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I found the phrase ‘make a buck off’ in the following lead copy of the article of Time magazine (July 15) titled ‘Carmaggedon: It May Be a Bust, but It's Already a Bonanza,’ reporting the chaos caused by July 16–17 closure of the 405 freeway in Los Angeles:

“Hysteria is everywhere, but that may just mean that people will stay off the roads. In any case, lots of folks are out to make a buck off fearmongering about the 405.”

I did not find the definition of ‘make a buck off’ in dictionaries at hand, but was able to find the examples of usage such as ‘Eight ways to make a buck off vacationers,’ ‘make a buck off sluggish dollars,” and ‘make a buck off winter’s weird weather’ in Google. From these examples I guessed the phrase means ‘to take advantage of,’ or ‘make a profit from.’ Am I right?

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To construct a facsimile of a male deer from parts found laying around in nature. Generally used by hunters attempting to stalk prey. –  user58671 Jul 17 '11 at 2:16
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3 Answers

up vote 10 down vote accepted

As stated by drm65, making a buck off something does mean making money off it.

In the example you gave, there were people who were about to

make a buck off fearmongering about the 405.

Having just read a version of the article, there are quite a few businesses mentioned to be cashing in on the situation. (Many of the businesses are using the opportunity to increase business by targeting their advertising, or offering discounts to the many people who have chosen to stay in, rather than travel, during the highway closure.)

With regard to the word buck meaning money (or specifically, a dollar), I think that came from the idiom pass the buck, which originated as poker terminology. This is what The Phrase Finder had to say on the topic:

Players were highly suspicious of cheating or any form of bias and there's considerable folklore depicting gunslingers in shoot-outs based on accusations of dirty dealing. In order to avoid unfairness the deal changed hands during sessions. The person who was next in line to deal would be given a marker. This was often a knife, and knives often had handles made of buck's horn - hence the marker becoming known as a buck. When the dealer's turn was done he 'passed the buck'.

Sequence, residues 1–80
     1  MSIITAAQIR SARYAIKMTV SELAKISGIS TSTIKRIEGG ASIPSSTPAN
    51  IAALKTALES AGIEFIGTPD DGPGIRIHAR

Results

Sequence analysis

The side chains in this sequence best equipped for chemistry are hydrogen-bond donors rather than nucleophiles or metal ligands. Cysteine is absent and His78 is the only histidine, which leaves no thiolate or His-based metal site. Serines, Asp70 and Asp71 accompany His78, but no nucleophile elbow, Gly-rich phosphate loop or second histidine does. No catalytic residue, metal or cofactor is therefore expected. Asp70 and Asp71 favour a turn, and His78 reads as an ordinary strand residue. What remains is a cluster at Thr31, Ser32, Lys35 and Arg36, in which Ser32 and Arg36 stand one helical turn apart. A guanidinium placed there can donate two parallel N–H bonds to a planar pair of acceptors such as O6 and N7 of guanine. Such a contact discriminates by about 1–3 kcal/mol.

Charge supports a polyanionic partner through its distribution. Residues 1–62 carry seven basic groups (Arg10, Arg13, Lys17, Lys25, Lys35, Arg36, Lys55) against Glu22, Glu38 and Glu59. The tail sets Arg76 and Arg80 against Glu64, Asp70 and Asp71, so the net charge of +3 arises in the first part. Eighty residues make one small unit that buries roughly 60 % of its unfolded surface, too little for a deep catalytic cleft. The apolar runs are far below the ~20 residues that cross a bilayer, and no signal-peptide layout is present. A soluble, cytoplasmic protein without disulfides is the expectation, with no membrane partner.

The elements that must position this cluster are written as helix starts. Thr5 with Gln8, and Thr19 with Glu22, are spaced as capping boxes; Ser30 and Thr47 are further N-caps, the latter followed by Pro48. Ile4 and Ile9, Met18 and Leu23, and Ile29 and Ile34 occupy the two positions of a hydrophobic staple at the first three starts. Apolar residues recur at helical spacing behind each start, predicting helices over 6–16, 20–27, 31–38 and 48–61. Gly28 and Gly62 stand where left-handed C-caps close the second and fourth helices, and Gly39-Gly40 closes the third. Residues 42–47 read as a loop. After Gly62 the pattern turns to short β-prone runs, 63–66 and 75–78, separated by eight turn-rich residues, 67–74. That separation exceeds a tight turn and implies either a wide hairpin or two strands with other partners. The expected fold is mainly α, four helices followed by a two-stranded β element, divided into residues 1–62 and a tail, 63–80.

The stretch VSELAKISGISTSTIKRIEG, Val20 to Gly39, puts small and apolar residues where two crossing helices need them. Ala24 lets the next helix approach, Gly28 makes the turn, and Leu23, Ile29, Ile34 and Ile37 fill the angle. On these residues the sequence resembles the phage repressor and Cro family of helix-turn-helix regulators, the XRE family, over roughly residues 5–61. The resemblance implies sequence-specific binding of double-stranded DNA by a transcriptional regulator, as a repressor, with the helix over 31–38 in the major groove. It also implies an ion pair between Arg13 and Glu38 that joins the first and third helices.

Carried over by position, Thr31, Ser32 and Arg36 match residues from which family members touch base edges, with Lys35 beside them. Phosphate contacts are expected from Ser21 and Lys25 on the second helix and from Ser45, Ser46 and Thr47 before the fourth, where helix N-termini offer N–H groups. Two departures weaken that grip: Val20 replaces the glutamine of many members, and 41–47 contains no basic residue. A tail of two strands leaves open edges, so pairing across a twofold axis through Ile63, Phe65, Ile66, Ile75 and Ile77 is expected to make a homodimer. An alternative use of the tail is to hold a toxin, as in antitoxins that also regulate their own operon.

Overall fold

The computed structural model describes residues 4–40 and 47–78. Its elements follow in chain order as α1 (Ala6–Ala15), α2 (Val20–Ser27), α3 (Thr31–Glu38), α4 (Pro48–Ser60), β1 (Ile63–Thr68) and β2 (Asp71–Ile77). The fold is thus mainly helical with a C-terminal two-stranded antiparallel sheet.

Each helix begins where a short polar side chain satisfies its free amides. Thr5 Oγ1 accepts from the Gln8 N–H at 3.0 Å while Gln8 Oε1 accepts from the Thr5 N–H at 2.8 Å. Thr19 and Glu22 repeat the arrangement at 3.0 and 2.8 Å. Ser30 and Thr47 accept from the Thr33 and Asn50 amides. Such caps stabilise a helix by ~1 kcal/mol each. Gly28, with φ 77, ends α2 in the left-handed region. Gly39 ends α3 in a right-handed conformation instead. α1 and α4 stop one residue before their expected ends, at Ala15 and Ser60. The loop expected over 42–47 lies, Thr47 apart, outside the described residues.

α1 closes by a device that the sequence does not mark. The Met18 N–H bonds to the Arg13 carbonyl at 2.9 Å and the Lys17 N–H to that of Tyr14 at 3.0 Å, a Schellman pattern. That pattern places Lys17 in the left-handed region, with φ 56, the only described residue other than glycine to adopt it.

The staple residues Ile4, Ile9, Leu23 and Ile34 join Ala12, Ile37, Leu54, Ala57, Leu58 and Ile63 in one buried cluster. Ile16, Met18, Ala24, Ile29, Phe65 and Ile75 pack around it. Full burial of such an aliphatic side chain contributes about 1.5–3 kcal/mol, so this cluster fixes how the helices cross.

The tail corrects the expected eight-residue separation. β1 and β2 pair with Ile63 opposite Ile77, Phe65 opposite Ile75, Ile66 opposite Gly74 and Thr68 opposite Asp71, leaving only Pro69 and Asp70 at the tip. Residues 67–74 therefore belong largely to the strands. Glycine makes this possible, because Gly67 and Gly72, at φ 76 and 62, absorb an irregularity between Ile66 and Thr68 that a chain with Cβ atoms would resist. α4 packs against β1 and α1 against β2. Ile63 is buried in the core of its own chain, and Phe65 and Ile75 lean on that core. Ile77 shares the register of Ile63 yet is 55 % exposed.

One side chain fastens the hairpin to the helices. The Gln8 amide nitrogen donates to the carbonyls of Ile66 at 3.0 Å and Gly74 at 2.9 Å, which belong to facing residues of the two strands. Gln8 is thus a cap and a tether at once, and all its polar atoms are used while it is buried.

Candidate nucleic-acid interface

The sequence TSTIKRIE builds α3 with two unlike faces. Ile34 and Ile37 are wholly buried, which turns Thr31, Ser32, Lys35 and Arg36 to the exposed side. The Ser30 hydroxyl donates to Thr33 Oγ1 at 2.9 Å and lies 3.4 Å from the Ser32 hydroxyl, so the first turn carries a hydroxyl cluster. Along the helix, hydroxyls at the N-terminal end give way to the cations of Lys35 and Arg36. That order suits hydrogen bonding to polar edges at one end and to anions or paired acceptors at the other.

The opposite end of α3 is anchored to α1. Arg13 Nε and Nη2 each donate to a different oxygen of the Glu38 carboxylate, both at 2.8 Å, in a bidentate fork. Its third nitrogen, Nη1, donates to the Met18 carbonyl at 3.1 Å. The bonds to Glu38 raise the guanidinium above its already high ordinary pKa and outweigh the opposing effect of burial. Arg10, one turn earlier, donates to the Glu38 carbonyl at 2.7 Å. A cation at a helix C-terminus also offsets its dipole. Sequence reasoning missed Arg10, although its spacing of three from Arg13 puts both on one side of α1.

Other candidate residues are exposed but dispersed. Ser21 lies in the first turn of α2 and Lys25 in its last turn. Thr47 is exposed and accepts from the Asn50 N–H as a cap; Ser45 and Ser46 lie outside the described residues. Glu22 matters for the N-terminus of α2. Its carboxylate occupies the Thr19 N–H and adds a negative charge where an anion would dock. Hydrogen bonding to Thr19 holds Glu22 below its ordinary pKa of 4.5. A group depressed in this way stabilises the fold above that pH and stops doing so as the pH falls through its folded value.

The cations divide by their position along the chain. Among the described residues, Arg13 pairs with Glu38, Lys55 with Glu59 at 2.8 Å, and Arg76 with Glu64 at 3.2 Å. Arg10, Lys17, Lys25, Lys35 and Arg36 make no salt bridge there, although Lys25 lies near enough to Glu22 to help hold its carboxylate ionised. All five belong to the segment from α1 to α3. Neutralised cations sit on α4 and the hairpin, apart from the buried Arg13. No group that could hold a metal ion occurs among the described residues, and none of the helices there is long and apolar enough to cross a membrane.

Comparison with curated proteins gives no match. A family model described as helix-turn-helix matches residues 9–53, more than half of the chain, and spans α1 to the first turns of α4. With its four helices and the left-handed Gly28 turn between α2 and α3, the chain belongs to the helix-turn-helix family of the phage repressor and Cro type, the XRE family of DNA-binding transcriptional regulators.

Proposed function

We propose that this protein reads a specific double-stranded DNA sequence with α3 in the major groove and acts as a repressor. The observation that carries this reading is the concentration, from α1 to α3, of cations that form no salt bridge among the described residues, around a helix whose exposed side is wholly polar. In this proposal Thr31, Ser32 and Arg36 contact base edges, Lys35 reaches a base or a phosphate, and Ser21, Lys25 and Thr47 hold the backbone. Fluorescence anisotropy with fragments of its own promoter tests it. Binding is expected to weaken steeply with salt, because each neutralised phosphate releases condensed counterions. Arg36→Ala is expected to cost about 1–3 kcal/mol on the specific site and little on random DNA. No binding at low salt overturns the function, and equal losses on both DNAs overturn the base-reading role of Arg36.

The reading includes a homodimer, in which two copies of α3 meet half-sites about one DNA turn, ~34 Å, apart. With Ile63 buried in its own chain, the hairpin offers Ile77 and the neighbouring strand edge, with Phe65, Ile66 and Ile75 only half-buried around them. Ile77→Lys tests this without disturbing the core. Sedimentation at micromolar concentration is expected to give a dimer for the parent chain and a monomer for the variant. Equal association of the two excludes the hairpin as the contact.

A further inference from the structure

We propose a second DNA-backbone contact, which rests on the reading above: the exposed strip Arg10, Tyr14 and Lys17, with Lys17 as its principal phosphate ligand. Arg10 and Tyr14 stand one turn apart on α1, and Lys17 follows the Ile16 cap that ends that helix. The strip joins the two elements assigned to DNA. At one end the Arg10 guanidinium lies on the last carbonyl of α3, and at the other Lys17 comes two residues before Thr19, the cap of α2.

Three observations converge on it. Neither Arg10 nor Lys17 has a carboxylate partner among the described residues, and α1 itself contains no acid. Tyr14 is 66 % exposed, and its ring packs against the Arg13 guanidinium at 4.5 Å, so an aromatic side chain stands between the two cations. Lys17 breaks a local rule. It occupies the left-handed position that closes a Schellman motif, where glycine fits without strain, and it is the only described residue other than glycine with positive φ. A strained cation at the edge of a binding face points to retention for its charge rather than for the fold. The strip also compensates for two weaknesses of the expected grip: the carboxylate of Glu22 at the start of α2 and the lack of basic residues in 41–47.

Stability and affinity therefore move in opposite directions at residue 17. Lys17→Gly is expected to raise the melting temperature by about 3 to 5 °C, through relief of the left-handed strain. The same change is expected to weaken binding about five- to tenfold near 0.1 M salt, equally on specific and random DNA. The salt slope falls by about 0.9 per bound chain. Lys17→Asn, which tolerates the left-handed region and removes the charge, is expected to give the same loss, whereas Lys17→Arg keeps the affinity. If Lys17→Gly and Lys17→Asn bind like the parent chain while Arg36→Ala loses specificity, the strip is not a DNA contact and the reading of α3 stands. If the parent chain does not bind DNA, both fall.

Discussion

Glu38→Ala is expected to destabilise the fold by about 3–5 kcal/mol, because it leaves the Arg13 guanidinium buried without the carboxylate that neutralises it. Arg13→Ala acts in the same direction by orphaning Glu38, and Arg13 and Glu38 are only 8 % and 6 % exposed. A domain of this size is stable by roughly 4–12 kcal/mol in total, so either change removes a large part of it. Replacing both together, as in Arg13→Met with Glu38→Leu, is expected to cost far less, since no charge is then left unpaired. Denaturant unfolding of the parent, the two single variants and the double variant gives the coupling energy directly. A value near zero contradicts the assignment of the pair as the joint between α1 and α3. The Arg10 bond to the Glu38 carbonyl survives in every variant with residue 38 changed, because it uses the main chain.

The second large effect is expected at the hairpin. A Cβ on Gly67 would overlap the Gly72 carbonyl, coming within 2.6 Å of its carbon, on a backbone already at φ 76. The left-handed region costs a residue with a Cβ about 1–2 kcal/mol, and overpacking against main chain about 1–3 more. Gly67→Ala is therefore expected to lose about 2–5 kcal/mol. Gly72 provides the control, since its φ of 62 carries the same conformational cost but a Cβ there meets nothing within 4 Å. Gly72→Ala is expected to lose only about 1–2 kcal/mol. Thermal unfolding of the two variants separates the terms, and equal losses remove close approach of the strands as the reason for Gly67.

Silver dollars were later used as markers and this is probably the origin of the use of buck as a slang term for dollar.

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You are right.

Buck is a slang word for dollar. So making a buck off of something translates to making money off of it, and it's used here as a metaphor for making profit from it or taking advantage of it.

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Short answer: Yes. OP has guessed the correct meaning.

Long Answer: Make a buck off can be used to mean just make a profit from, with 'neutral' connotations as can also be conveyed by make a buck from, but...

...using the word off rather than from often implies ‘to take advantage of’ (i.e. - the profit will be made at another's expense, rather than a well-deserved reward for good planning, hard work, etc.)

Just my personal opinion, but I also think off is more 'slangy/informal' than from here. Not that it makes much difference, since make is slang for earn (or acquire in less honourable ways), and buck is slang for dollar, so off can hardly lower the tone much more.

LATER: Regardless of other answers, OP's focus in this question is use of the word "off" (not buck). So I'll just say that although the principle isn't universally applied, people are more inclined to use Make money off [exploited customers], as opposed to Make money from [some more morally justifiable enterprise].

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I couldn't get to the extent of difference between 'off' and 'from.' I appreciate your input, which gave me clearer understanding of this particular phrase. –  Yoichi Oishi Jul 17 '11 at 8:49
    
@Yoichi Oishi: Can you just confirm that you were already familiar with buck meaning dollar? Your English isn't quite 'perfect' - but it's pretty good, so I really would be surprised if you hadn't heard that slang usage before. I'm still thinking it was the word off that gave you a problem. –  FumbleFingers Jul 17 '11 at 12:49
    
You’re right. It was ‘off’ that confused me. I know ‘buck’ means dollar as in ‘green bucks’ as well as responsibility as in President Truman’s well-known ‘the buck stops here.’ To tell you the truth, I was almost interpreting ‘make a buck off fearmongering’ as ‘to brush off fear (or 'histeria' with which the sentence begins). –  Yoichi Oishi Jul 18 '11 at 0:45
    
Dear @YoichiOishi, isn't it the Greenback? –  Alain Pannetier Φ Jul 25 '11 at 14:11
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